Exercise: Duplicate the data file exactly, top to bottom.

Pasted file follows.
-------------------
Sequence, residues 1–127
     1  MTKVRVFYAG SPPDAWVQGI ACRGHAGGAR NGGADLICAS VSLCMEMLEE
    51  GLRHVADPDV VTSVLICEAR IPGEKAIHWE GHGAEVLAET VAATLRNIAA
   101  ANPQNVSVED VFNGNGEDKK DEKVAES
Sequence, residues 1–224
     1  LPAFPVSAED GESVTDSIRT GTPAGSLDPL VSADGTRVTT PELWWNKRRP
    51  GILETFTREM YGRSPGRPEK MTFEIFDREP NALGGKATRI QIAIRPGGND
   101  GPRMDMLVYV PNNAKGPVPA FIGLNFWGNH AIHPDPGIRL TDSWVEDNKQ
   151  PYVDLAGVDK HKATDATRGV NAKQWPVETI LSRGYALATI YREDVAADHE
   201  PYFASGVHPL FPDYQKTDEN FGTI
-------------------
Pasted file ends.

Sequence, residues 1–127
     1  MTKVRVFYAG SPPDAWVQGI ACRGHAGGAR NGGADLICAS VSLCMEMLEE
    51  GLRHVADPDV VTSVLICEAR IPGEKAIHWE GHGAEVLAET VAATLRNIAA
   101  ANPQNVSVED VFNGNGEDKK DEKVAES
Sequence, residues 1–224
     1  LPAFPVSAED GESVTDSIRT GTPAGSLDPL VSADGTRVTT PELWWNKRRP
    51  GILETFTREM YGRSPGRPEK MTFEIFDREP NALGGKATRI QIAIRPGGND
   101  GPRMDMLVYV PNNAKGPVPA FIGLNFWGNH AIHPDPGIRL TDSWVEDNKQ
   151  PYVDLAGVDK HKATDATRGV NAKQWPVETI LSRGYALATI YREDVAADHE
   201  PYFASGVHPL FPDYQKTDEN FGTI